WHEN it comes to making decisions, timing can be everything, but it is often beneficial to conceal the decision that has been made. Take a game of poker, for instance: during each round, the player has to decide whether to bet, raise the stakes, or fold, depending on the hand they have been dealt. A good player will have perfected his “poker face”, the blank expression which conceals the emotions he feels and the decisions he makes from the other players sitting at the table.
Increasing numbers of researchers are using brain scanning techniques to perform what is commonly referred to as “mind reading”. Their efforts have had limited success, however, and our decisions are still private mental events which are inaccessible to others. Until now, it was unclear whether there are outwardly visible physiological responses associated with the decision-making process. But a new study now shows that dilation of the pupils can predict when a decision has been made before an individual voluntarily reports making the decision.
Wolfgang Einhauser of the Philipps-Universitat Marburg in Germany and his colleagues recruited 20 participants and asked them to perform three simple decision-making tasks. In the “immediate overt response” task, they were asked to sit in front of a computer screen and fixate on a blue dot which turne red for a period of ten seconds. They were required, over 90 trials each, to spontaneously press a button once at any time while the red dot was displayed, and told that they could win a small financial reward if the button was pressed during a “lucky” one second interval.
The second task (the “covert digit choice”) involved a slightly more complex cognitive task requiring working memory. Five digits were displayed on the screen, one after the other, for two seconds each. The participants were asked to secretly choose one of the digits and to indicate their choice by pressing a key afterwards. The participants were again told that they would win a small reward if they chose the “lucky” digit. Another variation of this was almost identical, except that there was no reward and the participants were not given any feedback at the end of each trial. The third experiment was identical to the second, with the exception that the participants were not free to choose a digit. Instead, one of the five presented digits was underlined, and they were required to indicate which one.
The researchers used an infrared eye-tracking device to measure the diameter of the participants’ left pupils up to 2,000 times per second while they performed the tasks. They found that pupil dilation was tightly coupled with the time at which the decisions were made, and betrayed the participants’ decisions before they were openly revealed. In the first experiment, maximum pupil dilation was observed during the 2-second interval in which the button was pressed. In the second, where there was a delay between the choice and the participants’ report of which number they had chosen, their pupils were maximally dilated during the interval at which they chose the digit. During task three, maximum dilation was again observed during the time at which the participants “chose” the underlined number.
The size of the response was smaller for the covert than for the open tasks, but nevertheless was observed across all trials, regardless of whether the choice was related to the voluntary execution of a movement or the selection of a number from the series of digits. Furthermore, by relating pupil diameter to the 2-second intervals during which each digit was displayed, the researchers could successfully predict when the participants made their decisions in the first two experiments and, therefore, which digit they chose within each trial.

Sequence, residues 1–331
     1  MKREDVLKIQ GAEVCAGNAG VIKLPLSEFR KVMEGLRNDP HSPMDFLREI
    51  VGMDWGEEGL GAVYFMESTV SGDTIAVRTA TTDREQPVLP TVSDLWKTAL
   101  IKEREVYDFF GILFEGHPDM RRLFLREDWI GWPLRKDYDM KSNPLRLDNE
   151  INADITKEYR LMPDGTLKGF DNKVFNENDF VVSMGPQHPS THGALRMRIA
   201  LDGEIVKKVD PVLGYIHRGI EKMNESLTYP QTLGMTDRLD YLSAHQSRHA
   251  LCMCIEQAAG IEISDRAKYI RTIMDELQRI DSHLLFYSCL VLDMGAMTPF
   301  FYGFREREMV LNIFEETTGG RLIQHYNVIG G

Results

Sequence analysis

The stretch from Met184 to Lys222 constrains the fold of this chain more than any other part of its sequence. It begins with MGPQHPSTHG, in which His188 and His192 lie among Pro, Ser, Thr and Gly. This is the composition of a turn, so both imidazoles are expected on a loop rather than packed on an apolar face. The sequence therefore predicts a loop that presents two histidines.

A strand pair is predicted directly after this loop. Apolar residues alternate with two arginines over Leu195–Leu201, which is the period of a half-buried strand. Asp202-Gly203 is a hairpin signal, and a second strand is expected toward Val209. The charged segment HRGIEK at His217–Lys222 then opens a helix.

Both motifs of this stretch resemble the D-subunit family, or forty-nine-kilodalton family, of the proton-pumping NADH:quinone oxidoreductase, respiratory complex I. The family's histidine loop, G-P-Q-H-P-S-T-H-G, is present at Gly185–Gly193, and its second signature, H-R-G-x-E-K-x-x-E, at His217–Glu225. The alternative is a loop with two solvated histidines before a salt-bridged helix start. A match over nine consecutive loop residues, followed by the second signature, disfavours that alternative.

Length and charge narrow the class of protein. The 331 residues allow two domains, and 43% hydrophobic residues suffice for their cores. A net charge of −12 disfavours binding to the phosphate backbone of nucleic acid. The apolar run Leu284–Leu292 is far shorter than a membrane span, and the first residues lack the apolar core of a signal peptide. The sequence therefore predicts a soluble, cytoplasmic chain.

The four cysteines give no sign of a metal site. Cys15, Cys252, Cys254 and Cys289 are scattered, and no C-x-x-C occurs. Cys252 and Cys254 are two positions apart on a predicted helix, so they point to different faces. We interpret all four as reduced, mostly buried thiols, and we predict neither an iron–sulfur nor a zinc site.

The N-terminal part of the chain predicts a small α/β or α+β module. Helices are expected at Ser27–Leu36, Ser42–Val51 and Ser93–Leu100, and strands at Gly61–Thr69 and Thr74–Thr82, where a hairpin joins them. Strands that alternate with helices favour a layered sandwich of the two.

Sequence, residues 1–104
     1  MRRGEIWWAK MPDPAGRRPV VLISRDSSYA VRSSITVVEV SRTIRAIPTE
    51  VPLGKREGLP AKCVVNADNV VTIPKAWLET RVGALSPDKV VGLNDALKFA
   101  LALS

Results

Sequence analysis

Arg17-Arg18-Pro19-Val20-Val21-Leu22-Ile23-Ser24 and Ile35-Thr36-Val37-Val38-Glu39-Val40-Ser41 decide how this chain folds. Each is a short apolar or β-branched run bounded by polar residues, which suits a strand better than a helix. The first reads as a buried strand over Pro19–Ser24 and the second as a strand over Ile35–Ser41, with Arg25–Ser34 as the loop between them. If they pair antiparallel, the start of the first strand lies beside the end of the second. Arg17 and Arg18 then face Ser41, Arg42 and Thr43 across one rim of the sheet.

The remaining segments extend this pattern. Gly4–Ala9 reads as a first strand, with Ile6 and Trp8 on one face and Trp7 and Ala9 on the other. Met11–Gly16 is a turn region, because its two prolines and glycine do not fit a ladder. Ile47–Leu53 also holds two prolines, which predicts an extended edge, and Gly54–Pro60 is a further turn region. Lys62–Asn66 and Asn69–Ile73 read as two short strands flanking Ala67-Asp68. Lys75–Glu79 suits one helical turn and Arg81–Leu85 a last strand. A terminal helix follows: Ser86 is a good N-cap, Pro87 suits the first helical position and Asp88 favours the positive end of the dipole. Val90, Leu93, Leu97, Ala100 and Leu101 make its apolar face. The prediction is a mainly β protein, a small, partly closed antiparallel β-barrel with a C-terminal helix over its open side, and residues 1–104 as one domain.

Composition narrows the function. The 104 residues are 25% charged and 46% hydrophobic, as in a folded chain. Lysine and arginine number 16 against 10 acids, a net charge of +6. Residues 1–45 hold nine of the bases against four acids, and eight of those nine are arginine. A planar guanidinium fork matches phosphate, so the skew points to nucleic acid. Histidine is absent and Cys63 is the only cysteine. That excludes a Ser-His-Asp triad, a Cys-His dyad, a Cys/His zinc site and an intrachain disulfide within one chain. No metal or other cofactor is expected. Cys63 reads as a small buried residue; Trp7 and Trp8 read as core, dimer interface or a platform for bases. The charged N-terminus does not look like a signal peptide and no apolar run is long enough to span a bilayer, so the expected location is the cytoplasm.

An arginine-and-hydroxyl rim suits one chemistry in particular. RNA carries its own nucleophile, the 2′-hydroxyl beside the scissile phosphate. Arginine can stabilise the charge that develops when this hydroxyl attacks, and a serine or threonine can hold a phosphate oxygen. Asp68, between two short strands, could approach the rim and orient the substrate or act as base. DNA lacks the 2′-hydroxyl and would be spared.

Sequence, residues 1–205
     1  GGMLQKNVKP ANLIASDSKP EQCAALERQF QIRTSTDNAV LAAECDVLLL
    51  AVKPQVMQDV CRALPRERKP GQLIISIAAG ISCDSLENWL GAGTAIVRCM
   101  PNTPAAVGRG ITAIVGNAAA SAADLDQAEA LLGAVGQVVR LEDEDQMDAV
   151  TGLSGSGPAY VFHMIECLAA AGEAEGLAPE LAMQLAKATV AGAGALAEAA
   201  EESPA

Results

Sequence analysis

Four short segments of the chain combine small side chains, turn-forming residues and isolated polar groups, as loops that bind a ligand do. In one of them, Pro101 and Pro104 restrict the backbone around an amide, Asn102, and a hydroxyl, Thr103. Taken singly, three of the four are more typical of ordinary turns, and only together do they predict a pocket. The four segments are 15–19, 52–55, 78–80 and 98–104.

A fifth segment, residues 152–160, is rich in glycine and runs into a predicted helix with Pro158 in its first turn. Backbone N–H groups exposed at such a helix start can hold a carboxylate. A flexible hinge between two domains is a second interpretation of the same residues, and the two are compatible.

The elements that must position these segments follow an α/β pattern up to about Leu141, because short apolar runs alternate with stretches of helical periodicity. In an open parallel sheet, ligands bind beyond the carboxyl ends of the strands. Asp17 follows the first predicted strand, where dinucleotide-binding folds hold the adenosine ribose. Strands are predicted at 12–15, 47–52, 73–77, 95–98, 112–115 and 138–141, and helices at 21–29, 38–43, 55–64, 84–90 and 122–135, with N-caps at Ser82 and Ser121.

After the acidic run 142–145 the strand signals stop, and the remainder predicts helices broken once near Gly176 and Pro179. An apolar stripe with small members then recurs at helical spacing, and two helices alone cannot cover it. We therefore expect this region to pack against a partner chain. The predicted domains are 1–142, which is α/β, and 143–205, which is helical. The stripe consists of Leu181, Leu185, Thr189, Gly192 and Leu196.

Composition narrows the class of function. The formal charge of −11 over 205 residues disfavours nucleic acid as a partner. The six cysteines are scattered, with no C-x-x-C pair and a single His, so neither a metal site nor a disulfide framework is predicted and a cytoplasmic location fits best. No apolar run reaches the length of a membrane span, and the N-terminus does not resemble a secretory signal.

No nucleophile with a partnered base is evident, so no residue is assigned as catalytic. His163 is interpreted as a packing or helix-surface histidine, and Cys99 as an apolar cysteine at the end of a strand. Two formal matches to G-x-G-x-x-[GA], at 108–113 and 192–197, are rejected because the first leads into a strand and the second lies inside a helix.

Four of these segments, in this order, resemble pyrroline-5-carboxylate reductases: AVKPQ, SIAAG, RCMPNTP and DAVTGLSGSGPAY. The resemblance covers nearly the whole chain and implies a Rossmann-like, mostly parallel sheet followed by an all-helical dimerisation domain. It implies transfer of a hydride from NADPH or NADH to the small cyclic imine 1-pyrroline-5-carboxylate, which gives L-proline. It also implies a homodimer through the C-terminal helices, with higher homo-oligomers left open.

Pupil dilation is mediated by the neurotransmitter noradrenaline (norepinephrine), which is released by a brain stem nucleus called the locus coeruleus and other nuclei associated with it. This transmitter is implicated in cognitive functions associated with memory and attention, and is also closely linked to arousal levels, and it is known that the expectation of a reward leads to increased arousal. It is therefore possible that the pupil dilation here was due to the participants’ anticipation of the small financial reward, but this can be ruled out because the same effect was observed in the variation of experiment two and also in experiment three, both of which did not involve rewards. This study therefore supports the hypothesis that noradrenaline plays a critical role in the rapid consolidation of behavioural decisions.
Thus, pupil dilation, which is an external physiological response visible to the naked eye, can provide clues about strategic decision making processes, and can be used to predict decisions before they are revealed by the individual. Interestingly, poker players may have known this all along – it may be the reason that many of them like to wear sunglasses while playing. The findings have another important implication, for patients who are in a persistent vegetative state or are suffering from “locked-in” syndrome, and are apparently oblivious to the outside world. The pupil dilation response could possibly be used along with functional neuroimaging to help clinicians assess mental function in such patients.
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Einhauser, W., et al (2010). Pupil dilation betrays the timing of decisions. Front. Hum. Neurosci. DOI: 10.3389/fnhum.2010.00018
Aston-Jones, D. & Cohen, J. D. (2005). An Integrative Theory of Locus Coeruleus-Norepinephrine Function: Adaptive Gain and Optimal Performance. Annu. Rev. Neurosci. 28: 403-450 [PDF]
Berridge, C. W. & Waterhouse, B. D. (2003). The locus coeruleus-noradrenergic system: modulation of behavioral state and state-dependent cognitive processes. Brain Res. Rev. 42: 33-84 [PDF]